Treating an endometriosis-associated pain condition can be very complex, and requires special expertise. As already mentioned, we have no good permanent treatment for the condition at our disposition. Moreover, whatever damage endometriosis already caused cannot be reversed by treatment. Available medical treatments allow only for interruption of the usual menstrual cycle. By stopping women from going through regular menstrual cycles, endometriotic implants are also stopped from doing so, and progress of the condition is interrupted. The disease process often, however, returns quickly once treatments are stopped.
Another limitation of currently available treatments is that they prevent pregnancy. Paradoxically, pregnancy is, however, likely the best possible treatment for endometriosis because, including lactation periods, pregnancy interrupts the menstrual cycle for over a year and, therefore, very reliably arrests the progression of endometriosis. Women in infertility treatment, therefore, cannot be treated for their endometriosis if they are attempting to conceive. How to address endometriosis in an infertility treatment paradigm is, therefore, till today quite controversial.
Since endometriosis is generally a progressive condition, proper time management is of importance. CHR, therefore, pursues a rather aggressive approach to endometriosis-associated infertility: we recommend early in vitro fertilization (IVF). How endometriosis affects IVF outcomes has remained highly disputed. While some studies suggested a negative effect on egg and embryo quality, others have shown no such differences. The likely explanation for the difference in findings lies in its wide range of presentations.
We already noted that recent data quite unequivocally demonstrated that presence of endometriosis within the ovary itself increases the speed of follicle activation and recruitment. Intra-ovarian endometriosis very obviously affects follicles and, therefore, oocytes. Superficial endometriosis on the ovaries, on the other hand, may show no such effects.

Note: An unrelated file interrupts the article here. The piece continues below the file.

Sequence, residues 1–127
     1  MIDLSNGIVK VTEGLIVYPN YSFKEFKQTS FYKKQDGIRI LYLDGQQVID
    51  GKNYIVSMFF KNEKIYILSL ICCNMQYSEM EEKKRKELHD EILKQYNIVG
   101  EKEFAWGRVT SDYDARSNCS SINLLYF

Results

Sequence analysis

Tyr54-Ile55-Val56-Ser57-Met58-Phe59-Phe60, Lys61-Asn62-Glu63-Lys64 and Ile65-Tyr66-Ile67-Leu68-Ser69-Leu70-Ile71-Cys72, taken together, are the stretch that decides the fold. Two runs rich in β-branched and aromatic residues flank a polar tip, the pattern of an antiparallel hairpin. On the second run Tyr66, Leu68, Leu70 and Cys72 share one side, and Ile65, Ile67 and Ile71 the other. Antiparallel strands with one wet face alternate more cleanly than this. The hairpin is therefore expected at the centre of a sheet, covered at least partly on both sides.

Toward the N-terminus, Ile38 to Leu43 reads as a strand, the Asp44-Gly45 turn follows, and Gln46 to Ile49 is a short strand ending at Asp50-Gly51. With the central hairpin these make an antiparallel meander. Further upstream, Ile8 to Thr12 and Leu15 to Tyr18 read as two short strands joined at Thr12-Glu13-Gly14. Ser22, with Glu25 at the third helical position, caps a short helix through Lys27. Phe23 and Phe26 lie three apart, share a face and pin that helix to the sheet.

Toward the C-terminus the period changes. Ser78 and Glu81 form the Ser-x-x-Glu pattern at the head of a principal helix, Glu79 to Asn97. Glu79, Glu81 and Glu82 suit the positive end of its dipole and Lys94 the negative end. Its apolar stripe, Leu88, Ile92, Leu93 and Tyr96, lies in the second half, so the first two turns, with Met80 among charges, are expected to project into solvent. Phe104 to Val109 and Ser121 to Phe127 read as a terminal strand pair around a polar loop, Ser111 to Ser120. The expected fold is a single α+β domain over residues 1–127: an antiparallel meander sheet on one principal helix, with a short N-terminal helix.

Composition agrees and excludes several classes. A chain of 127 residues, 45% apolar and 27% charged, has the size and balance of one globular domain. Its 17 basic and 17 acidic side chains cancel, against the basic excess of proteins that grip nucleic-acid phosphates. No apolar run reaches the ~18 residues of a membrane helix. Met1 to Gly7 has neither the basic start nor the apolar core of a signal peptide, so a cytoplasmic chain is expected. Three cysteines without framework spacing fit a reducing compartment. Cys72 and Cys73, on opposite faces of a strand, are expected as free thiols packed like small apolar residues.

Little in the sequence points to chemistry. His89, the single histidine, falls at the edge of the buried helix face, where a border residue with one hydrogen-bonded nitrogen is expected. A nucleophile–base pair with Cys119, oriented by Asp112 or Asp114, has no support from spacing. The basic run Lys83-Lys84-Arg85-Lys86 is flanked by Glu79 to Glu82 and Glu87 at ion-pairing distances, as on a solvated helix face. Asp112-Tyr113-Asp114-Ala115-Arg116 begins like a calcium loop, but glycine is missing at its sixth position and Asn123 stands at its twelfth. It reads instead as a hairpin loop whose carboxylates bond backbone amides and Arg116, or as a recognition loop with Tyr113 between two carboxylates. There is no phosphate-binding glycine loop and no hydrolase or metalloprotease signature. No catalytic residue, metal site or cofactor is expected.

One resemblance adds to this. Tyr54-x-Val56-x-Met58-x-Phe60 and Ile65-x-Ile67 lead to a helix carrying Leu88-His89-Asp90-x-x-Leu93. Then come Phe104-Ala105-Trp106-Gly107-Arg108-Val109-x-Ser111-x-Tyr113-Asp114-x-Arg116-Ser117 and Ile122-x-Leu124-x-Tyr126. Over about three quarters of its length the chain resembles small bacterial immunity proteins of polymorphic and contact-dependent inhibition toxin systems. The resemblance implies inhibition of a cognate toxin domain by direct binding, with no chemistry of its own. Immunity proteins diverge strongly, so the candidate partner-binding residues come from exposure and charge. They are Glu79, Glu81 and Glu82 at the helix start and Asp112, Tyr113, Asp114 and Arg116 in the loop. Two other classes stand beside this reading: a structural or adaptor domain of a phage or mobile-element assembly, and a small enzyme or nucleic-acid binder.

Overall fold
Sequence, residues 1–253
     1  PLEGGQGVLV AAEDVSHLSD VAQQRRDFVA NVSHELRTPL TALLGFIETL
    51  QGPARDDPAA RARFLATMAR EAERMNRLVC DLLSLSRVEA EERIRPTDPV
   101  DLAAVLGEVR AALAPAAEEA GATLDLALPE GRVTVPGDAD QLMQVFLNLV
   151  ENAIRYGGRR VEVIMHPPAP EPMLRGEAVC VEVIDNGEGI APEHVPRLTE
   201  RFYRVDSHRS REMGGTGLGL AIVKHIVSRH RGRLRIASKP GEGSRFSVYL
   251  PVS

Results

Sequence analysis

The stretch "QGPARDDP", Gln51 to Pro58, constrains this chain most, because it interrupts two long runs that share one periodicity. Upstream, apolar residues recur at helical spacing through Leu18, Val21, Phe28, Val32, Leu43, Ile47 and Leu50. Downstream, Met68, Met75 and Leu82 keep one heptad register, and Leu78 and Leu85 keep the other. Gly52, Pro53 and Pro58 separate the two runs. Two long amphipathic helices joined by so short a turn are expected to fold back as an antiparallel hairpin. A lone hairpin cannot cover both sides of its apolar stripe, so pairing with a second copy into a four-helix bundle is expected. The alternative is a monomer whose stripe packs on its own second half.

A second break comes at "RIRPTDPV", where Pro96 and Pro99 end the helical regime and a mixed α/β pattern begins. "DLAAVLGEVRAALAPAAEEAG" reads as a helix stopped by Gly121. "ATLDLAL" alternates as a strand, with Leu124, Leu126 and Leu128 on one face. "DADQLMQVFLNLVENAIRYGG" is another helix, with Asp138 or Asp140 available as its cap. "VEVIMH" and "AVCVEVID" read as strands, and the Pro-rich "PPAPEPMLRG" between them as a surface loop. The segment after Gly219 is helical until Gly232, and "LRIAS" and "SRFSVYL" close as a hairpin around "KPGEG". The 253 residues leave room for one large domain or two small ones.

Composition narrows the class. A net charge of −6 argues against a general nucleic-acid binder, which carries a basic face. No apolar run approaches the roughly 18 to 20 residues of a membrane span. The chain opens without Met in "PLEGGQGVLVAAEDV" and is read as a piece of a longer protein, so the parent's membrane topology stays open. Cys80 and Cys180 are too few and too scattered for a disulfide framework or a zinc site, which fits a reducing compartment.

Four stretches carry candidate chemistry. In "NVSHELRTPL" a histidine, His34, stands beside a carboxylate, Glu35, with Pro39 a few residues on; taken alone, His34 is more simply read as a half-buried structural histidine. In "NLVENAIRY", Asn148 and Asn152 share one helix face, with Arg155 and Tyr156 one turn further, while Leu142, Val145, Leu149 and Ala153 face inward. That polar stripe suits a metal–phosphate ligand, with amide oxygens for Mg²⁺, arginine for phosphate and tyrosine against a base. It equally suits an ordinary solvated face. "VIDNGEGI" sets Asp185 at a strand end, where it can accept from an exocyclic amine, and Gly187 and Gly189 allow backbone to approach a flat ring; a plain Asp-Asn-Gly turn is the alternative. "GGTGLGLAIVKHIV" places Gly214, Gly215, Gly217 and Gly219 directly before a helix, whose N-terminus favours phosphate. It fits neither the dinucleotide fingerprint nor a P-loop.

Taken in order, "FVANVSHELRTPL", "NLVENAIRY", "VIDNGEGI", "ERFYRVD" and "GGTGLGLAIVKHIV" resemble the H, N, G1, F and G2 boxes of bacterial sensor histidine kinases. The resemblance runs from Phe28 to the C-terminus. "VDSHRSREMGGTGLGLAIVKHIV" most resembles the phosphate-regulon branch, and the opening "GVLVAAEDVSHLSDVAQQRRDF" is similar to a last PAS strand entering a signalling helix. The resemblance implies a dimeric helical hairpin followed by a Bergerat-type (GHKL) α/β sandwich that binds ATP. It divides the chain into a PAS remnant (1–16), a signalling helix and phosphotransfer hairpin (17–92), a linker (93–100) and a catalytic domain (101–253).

Treatments, therefore, have to be individualized. As in so many other areas of medicine, CHR strongly advocates such individualization of care. Every patient is different and is deserving of her individualized approach to treatment.
The place of surgery
As readers of these pages will be aware of, when it comes to surgery, CHR is clearly among the most conservative fertility centers. We are fully cognizant of the need for surgery to maximize pregnancy chances in some infertile women; we, however, also are fully aware that, at times, surgery cannot only be counterproductive but also reduce pregnancy chances.
When to recommend surgery to a patient with endometriosis is likely one of the most difficult decisions in reproductive medicine. We can probably best summarize CHR’s position on this subject as follows: CHR, in principle, does not consider surgery an appropriate treatment approach to female infertility in endometriosis. We, however, do consider surgery a potential treatment option if (i) endometriosis is associated with intractable pain; (ii) patients with endometriosis have failed a number of IVF cycles; and (iii) the surgery is done by a highly qualified surgeon, trained in the kind of conservative surgery infertile women need.
This is a part of the December 2015 issue of CHR VOICE.